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A high matriculation rate at Barnard this year caused study lounges on the third through eighth floors in Sulzberger to be converted back into four-person dorm rooms.

When Barnard first-year Rathna Ramanathan, BC '18, learned that she had been assigned to live in a four-person room, she didn't know what to expect.

“I was first scared that it was going to be different because I was only ready, as a first-year, to get to know one person,” Ramanathan said. “It was overwhelming at first.”

So far, though, she's seen nothing to confirm her fears—Ramanathan said that “the four of us are able to maintain our own identities while we're living together. We're able to keep out of each other's way, which helps us to get along.”

“We have great views,” she added about her sixth-floor room.

Ramanathan and her roommates are among a number of first-years who are living in newly converted four-person rooms in the Barnard quad. Study lounges on the third through eighth floors in Sulzberger and Reid halls have been renovated into dorm rooms as 619 first-years matriculated at Barnard this year—39 more than last year.

“This year's first year class is unusually large, and many of these students would not have been able to come to campus without housing,” Barnard Associate Dean for Campus and Residential Life Annie Aversa said in an email. “For this reason, lounges in Sulzberger are being used as student bedroom spaces this fall.”

This year, Barnard admitted 23 percent of 5,676 applicants. Last year, Barnard admitted 21.3 percent of 5,606 applicants and 580 students matriculated for the class of 2017.

Most first-years still live in double or triple rooms in the quad, and students who live in four-person rooms have said that the arrangement has been working relatively well. Still, packing four people into one room has its own challenges.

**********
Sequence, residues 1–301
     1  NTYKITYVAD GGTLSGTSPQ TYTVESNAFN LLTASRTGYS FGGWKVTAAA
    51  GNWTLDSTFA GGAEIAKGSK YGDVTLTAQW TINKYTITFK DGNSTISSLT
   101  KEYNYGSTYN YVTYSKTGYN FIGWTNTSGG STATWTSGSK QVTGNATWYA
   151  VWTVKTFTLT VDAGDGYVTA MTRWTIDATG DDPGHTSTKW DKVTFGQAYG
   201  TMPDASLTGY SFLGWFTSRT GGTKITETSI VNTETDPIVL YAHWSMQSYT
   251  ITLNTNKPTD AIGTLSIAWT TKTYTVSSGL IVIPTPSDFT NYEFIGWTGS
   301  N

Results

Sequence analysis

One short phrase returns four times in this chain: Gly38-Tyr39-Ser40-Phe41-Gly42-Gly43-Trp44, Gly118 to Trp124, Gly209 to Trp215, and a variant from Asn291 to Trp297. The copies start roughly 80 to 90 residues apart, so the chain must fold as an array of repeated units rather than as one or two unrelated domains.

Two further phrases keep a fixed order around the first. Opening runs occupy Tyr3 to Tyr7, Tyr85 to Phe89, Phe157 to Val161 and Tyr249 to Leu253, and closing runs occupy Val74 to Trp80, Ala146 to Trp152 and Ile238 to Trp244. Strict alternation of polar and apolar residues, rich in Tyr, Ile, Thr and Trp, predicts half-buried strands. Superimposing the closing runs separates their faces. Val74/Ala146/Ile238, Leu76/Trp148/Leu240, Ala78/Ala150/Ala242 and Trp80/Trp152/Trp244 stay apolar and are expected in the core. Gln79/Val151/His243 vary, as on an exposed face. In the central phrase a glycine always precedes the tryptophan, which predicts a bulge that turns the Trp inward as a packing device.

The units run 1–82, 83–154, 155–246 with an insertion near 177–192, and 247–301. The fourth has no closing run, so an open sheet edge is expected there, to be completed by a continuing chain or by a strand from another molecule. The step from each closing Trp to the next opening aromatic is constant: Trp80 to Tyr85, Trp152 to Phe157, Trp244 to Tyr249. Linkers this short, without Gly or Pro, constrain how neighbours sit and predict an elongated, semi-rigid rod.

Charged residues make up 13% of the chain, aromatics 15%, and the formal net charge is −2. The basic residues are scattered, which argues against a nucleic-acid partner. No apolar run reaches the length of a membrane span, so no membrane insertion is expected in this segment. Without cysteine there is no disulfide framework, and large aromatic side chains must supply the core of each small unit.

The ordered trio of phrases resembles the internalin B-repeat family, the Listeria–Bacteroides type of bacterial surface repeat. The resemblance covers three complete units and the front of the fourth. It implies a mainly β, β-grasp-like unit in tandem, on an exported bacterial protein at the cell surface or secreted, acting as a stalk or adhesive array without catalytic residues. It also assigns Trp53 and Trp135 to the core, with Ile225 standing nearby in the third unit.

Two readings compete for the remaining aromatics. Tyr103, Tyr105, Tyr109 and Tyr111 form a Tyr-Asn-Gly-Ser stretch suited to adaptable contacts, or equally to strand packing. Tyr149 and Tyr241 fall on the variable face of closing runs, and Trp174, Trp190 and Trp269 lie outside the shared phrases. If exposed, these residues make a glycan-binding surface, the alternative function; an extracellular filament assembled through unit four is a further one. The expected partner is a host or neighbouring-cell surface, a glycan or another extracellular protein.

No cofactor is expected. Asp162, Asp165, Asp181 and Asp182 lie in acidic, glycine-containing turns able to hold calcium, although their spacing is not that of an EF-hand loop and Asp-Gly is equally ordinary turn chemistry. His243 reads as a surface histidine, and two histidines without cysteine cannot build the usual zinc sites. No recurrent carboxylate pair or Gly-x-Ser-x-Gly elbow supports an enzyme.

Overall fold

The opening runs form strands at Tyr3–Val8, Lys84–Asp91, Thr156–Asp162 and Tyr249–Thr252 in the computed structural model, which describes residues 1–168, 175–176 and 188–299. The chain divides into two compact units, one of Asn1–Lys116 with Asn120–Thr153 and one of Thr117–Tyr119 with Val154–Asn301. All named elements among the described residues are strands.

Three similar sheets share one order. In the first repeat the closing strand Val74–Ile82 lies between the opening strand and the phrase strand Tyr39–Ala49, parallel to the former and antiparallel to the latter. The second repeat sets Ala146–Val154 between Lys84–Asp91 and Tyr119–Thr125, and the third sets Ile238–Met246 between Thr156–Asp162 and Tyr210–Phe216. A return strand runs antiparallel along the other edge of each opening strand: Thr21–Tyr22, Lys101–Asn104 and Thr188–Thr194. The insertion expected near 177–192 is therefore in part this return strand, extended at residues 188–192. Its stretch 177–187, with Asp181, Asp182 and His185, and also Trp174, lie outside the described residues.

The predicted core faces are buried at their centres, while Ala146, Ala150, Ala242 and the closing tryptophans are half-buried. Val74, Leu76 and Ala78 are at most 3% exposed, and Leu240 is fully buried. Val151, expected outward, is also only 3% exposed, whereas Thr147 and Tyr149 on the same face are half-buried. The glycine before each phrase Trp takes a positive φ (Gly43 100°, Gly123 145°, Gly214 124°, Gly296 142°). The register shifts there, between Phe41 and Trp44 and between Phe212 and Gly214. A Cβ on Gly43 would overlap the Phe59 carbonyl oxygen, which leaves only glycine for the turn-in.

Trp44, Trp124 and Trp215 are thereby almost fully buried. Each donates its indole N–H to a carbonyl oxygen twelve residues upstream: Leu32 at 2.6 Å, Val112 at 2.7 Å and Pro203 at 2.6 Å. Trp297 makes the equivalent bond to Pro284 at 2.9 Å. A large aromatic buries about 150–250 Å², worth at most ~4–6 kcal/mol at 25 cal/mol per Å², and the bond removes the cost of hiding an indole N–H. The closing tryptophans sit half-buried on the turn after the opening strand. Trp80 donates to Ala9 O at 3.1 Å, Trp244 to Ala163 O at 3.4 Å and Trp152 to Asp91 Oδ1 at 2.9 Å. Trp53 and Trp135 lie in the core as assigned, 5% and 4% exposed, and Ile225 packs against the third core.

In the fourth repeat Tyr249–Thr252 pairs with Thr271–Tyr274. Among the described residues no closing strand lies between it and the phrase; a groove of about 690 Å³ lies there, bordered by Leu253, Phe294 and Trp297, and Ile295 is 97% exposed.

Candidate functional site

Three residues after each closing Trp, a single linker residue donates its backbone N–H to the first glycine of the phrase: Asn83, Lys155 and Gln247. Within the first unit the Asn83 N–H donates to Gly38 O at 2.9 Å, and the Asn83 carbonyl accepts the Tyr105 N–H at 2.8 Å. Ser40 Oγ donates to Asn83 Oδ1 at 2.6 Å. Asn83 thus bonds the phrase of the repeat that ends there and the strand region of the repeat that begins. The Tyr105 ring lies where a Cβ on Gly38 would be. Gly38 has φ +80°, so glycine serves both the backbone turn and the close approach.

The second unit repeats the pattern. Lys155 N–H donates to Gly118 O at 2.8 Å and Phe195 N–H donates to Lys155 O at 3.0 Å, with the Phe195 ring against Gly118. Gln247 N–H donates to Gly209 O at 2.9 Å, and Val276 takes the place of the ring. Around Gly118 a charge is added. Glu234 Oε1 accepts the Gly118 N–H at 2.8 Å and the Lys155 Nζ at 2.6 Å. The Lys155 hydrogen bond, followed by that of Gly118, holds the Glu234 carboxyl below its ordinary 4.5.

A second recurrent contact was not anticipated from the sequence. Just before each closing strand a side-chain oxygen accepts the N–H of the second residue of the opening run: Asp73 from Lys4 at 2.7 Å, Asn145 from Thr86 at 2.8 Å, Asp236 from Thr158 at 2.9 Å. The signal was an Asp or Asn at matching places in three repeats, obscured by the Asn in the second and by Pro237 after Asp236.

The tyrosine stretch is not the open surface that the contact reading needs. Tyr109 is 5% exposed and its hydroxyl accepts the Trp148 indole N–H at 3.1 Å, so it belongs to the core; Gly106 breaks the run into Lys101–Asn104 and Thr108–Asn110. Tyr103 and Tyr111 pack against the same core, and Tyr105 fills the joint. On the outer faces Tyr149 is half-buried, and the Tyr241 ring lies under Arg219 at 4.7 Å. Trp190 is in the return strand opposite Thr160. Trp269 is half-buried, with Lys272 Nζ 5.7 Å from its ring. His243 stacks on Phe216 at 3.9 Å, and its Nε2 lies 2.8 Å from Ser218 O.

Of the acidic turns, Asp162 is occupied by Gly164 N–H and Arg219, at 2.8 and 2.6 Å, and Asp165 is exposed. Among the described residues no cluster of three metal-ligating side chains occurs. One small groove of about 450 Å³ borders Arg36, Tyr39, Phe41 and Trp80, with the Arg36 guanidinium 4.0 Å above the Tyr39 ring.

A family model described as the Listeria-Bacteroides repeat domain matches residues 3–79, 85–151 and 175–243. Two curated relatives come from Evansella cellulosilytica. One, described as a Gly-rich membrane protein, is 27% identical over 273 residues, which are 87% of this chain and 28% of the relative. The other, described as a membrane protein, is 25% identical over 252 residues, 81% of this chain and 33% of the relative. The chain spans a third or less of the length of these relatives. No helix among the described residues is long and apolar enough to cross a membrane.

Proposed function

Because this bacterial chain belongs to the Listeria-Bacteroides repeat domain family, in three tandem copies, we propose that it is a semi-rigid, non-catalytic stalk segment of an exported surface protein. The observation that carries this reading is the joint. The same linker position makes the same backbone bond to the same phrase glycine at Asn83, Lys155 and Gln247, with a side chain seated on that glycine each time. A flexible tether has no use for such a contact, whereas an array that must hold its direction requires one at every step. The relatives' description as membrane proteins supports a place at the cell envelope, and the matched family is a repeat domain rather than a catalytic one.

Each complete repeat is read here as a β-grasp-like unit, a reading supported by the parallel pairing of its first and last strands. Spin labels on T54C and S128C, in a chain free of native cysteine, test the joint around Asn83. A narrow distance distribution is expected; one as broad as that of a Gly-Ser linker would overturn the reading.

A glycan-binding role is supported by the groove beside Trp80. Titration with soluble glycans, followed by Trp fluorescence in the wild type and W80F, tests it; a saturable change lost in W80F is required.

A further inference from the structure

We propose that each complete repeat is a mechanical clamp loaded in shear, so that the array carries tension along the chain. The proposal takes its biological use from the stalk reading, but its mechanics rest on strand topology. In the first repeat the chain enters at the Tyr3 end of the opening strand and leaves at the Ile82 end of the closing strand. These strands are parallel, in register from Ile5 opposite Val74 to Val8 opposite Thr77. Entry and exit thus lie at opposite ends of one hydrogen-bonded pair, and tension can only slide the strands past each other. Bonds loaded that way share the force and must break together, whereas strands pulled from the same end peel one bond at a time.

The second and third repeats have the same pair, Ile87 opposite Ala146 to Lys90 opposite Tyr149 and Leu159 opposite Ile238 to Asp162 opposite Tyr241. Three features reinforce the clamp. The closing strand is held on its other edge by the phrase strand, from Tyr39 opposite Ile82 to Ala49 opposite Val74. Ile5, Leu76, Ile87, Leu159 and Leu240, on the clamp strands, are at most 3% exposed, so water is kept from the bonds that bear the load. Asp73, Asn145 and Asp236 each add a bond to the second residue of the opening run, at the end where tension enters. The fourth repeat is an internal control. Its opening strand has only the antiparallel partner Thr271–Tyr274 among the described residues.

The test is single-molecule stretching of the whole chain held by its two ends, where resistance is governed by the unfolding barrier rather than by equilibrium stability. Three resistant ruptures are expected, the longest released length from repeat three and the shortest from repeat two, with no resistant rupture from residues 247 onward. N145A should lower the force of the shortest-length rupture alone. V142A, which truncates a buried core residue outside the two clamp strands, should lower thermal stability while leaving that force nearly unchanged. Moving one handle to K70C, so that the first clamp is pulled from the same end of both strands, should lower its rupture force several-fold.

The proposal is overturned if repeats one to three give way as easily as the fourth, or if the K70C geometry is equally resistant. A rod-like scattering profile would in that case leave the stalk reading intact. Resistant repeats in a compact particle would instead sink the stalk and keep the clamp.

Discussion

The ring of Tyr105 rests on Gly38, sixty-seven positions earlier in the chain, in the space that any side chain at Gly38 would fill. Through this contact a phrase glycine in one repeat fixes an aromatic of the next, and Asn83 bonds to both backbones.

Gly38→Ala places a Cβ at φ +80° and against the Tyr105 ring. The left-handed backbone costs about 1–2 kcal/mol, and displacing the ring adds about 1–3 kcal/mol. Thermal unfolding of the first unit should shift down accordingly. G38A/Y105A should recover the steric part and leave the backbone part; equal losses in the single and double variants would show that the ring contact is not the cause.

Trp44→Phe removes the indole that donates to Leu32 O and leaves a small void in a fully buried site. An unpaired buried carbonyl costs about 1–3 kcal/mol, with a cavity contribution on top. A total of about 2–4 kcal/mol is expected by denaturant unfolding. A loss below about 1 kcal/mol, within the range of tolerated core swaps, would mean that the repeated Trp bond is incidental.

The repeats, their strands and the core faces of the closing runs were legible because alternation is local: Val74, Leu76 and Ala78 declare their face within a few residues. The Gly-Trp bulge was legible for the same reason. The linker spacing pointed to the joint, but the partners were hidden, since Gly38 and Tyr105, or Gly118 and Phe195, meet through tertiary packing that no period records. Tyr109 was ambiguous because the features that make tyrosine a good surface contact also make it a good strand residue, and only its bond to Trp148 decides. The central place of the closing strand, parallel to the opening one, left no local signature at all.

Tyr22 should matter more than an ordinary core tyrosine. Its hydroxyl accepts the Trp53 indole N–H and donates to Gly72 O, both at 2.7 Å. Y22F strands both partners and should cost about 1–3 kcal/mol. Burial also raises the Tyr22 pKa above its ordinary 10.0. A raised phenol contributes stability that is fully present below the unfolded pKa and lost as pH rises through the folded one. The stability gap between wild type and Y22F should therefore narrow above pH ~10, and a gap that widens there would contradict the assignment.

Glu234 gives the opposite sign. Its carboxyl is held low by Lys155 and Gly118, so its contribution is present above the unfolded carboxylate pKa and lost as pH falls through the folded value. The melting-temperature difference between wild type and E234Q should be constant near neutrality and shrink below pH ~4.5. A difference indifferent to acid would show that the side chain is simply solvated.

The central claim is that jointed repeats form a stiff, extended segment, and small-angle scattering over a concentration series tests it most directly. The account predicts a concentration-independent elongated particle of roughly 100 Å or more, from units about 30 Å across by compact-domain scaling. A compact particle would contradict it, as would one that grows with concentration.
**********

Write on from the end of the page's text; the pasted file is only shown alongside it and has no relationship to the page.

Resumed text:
“I think there's good parts and bad parts,” Sulzberger/Reid third-floor resident Lily Arzt, BC '18, said. “The good part is that the space is really, really great. It's a really nice room, and it's nice that we have a section for sleeping, and also a section for studying.

“The downside is, there's just lots of bodies in the room,” she added. “Some people find it harder to sleep with lots of bodies in the room. ... There are just more people, more ideas, more opinions, more ways of living, so that we've had to find compromise a little bit more.”

“We all kind of respect each other. We're kind of tight,” sixth-floor resident  Victoria Martinez, BC '18, said. “There's actually no hassles, really. … One roommate has an alarm that goes off every five minutes that she doesn't turn off, but I think those are basic struggles that anyone can encounter.”

“It's definitely a lot harder to find your own time to be alone when there's three other people living there, so that is kind of hard sometimes, but so far my roommates and I are doing a good job of respecting each other's space,” Arzt said.

This isn't the first time four-person rooms have existed in the Barnard Quad—in 2011, the study lounges were also turned into quad rooms to accomodate larger-than-expected classes of 2015 and 2016.

Last year, the rooms were converted back into lounges but spent part of the fall semester underfurnished before being converted back into residential rooms for this year.

Although the lounges lacked proper furniture, students said the rooms were useful and comfortable spaces.

“I met new people in those lounges last year,Clémence Bellanger, BC '17, said. “It's a good space to be in the dorm when you want to get out of your room.”

“Those lounges provided a sense of community during midterms and finals. It was somewhere you could go to find other people who were studying too,” Emily Litt, BC '17, said.

Aversa said she considers the four-person rooms a “temporary measure,” and that if space becomes available, residents can choose to move to more spacious quarters. She added, however, that students have generally been happy with the rooms.

Previous years when spots have opened up, students living [in] converted lounges did not want to move elsewhere,” Aversa said. “They liked the space itself and were attached to their roommates.”

Sarah Linden contributed reporting.  |  @ezactron

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